Unique Apartment Pets: Frogs

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Unique Apartment Pets: Frogs

Staff Writer · Nov 9, 2009

Many frogs are suited for life as apartment pets because of their small size and relatively simple care. However, interested apartment dwellers must be sure to do a little research to ensure proper care.

Selecting a Frog as a Pet

Unlike a mammal, frogs don’t tend to feel much attachment to their owners, but there are a few breeds of frogs that can make interaction quite a lot of fun. Avoid the overweight frogs without a lot of energy and instead look for thin frog breeds more suited to becoming interactive apartment pets, such as tree frogs and aquatic frogs. No matter which kind of frog catches your eye, do research on that specific breed before you adopt. Baby frogs in any breed are adorable, but they may grow up to be inactive, hard-to-feed pets. Some frogs need to be fed live mice, while others can live off of bugs. Determine what you’re willing to feed the pet and pick a frog that lives off of that kind of diet.

The Pet Frog Habitat

In general, tree frogs require a dry terrestrial tank pet frog habitat with synthetic gravel and some frog-approved furniture and plant life for play. The pet frog habitat won’t need full-spectrum lighting like reptiles’ habitats. Aquatic frogs require an aquarium like any fish, which you can decorate with aquatic obstacles to keep your frogs active. Keep the water clean and free of chlorine. You can use a filter but make sure your frog won’t get stuck in it.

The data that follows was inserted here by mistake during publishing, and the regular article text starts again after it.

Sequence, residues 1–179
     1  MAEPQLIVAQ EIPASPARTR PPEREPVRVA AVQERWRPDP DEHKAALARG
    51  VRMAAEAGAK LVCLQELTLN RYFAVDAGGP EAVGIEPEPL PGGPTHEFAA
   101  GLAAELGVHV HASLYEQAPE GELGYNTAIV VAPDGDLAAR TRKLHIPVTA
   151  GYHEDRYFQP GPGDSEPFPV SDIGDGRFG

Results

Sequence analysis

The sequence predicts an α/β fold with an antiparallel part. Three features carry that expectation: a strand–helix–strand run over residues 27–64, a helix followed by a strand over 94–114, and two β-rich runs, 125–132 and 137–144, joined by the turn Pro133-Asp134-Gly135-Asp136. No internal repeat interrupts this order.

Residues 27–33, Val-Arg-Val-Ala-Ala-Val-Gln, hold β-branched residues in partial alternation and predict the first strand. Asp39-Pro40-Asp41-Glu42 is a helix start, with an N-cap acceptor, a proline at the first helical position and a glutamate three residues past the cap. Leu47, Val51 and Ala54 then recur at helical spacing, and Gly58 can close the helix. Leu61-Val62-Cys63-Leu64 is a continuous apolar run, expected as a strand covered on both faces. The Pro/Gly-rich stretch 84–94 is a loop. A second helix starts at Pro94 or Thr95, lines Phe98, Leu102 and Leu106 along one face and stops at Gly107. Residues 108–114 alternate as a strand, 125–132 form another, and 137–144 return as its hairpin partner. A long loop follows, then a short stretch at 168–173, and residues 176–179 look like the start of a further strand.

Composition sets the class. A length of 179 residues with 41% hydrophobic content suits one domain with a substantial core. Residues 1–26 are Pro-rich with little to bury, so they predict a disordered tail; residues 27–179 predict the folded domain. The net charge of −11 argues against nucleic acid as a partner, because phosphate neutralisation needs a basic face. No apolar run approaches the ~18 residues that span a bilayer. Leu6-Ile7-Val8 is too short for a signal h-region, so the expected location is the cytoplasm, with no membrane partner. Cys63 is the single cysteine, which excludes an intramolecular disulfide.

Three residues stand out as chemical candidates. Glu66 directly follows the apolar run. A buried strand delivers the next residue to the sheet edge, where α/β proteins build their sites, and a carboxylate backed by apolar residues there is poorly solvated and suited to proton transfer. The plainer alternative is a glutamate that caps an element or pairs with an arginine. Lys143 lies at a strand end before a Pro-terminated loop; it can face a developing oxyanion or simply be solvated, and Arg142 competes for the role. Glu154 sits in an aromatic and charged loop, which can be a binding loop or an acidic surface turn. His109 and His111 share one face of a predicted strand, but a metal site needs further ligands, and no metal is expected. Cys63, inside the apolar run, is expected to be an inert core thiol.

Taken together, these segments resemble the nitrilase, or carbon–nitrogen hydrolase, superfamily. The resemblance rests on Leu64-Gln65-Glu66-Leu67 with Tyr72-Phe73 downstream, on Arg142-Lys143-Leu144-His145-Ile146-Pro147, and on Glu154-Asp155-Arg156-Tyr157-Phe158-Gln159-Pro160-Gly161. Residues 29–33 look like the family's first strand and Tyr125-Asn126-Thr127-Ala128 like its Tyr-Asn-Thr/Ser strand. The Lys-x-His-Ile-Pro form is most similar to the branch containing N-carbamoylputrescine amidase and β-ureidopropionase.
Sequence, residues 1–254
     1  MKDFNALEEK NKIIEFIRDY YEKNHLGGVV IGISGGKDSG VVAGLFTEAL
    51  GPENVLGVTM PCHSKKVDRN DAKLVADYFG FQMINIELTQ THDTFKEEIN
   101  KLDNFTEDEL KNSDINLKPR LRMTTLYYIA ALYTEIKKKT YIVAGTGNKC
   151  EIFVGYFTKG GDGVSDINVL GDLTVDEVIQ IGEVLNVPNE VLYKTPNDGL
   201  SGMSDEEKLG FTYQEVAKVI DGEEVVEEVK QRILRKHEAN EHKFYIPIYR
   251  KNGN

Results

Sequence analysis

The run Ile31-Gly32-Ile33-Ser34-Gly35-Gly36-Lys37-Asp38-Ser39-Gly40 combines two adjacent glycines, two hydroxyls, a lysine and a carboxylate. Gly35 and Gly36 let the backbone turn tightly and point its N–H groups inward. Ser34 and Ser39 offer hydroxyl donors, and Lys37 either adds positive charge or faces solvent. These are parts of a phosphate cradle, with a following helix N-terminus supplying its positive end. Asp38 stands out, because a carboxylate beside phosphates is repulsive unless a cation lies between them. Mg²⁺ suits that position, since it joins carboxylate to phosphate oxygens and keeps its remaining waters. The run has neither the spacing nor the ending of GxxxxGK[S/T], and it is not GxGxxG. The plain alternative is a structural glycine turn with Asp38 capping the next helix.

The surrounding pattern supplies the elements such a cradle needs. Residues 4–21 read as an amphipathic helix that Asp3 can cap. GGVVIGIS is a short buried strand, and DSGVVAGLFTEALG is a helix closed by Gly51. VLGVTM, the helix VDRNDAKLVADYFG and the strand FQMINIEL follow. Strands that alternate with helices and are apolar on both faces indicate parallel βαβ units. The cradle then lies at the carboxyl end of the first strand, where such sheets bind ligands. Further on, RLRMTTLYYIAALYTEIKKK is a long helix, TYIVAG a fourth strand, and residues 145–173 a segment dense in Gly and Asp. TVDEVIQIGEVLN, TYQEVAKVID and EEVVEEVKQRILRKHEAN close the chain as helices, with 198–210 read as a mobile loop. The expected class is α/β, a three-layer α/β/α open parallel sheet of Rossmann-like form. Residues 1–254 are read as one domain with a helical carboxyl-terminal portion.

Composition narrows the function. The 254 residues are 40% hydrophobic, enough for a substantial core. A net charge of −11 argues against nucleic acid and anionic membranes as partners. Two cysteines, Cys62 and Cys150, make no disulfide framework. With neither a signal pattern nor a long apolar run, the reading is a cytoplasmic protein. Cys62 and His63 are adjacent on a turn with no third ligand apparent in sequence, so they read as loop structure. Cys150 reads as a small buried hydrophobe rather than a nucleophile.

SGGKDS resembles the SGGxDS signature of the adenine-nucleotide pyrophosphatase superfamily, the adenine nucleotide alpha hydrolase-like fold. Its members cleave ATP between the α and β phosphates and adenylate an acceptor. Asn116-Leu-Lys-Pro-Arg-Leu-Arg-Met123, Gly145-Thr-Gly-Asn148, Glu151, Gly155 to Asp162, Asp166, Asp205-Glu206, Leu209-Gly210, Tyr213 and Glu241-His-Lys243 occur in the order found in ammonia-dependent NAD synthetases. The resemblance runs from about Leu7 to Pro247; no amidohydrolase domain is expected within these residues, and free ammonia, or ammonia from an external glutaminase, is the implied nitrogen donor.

Feeding Your Frogs

The diet of your new apartment pets varies depending on the exact breed, so be sure to look up what kind of creatures your frog must eat and how often it must eat. Some frogs can eat just a couple of times per week, while others must have food every day; they all need fresh water each day. The green tree frog can usually live off of a steady diet of live crickets and aphids. You can purchase a liquid vitamin supplement with which to coat the bugs to ensure your frogs get all of their essential nutrients.

Aquatic frogs enjoy a diet of brine shrimp, earthworms, bloodworms and feeder fish, which can also be coated with a vitamin supplement. Aquatic frogs need fresh food only once every two or three days.

Interacting with Your Frogs

Aquatic frogs should not be played with outside of their habitat, but, like fish and other aquatic apartment pets, they’re fun to watch in their tanks. They can sing and they float and swim in funny positions, making them a fun addition to any apartment. Tree and land frogs can be taken out of their pet frog habitat, but be careful not to let them hop away unsupervised. Inactive frogs may not do much, but more active frogs will hop and entertain. Just be sure to keep them on a flat surface (they may leave a little mess behind).

Frogs make excellent apartment pets as long as the apartment dweller does the research necessary to choose and care for an amiable breed. Depending on the breed and the health of the animal, you can expect your pet frogs to live between four and fifteen years.

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